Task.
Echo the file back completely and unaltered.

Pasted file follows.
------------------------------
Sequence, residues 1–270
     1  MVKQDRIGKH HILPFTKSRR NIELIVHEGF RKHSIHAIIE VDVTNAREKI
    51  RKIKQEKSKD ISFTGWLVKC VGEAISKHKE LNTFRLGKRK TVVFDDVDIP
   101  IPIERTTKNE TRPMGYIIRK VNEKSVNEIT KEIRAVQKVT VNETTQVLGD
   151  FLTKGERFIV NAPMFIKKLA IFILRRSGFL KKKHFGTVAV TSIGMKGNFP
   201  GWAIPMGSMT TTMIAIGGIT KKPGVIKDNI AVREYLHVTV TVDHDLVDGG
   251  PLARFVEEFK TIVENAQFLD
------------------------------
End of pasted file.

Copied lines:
Sequence, residues 1–270
     1  MVKQDRIGKH HILPFTKSRR NIELIVHEGF RKHSIHAIIE VDVTNAREKI
    51  RKIKQEKSKD ISFTGWLVKC VGEAISKHKE LNTFRLGKRK TVVFDDVDIP
   101  IPIERTTKNE TRPMGYIIRK VNEKSVNEIT KEIRAVQKVT VNETTQVLGD
   151  FLTKGERFIV NAPMFIKKLA IFILRRSGFL KKKHFGTVAV TSIGMKGNFP
   201  GWAIPMGSMT TTMIAIGGIT KKPGVIKDNI AVREYLHVTV TVDHDLVDGG
   251  PLARFVEEFK TIVENAQFLD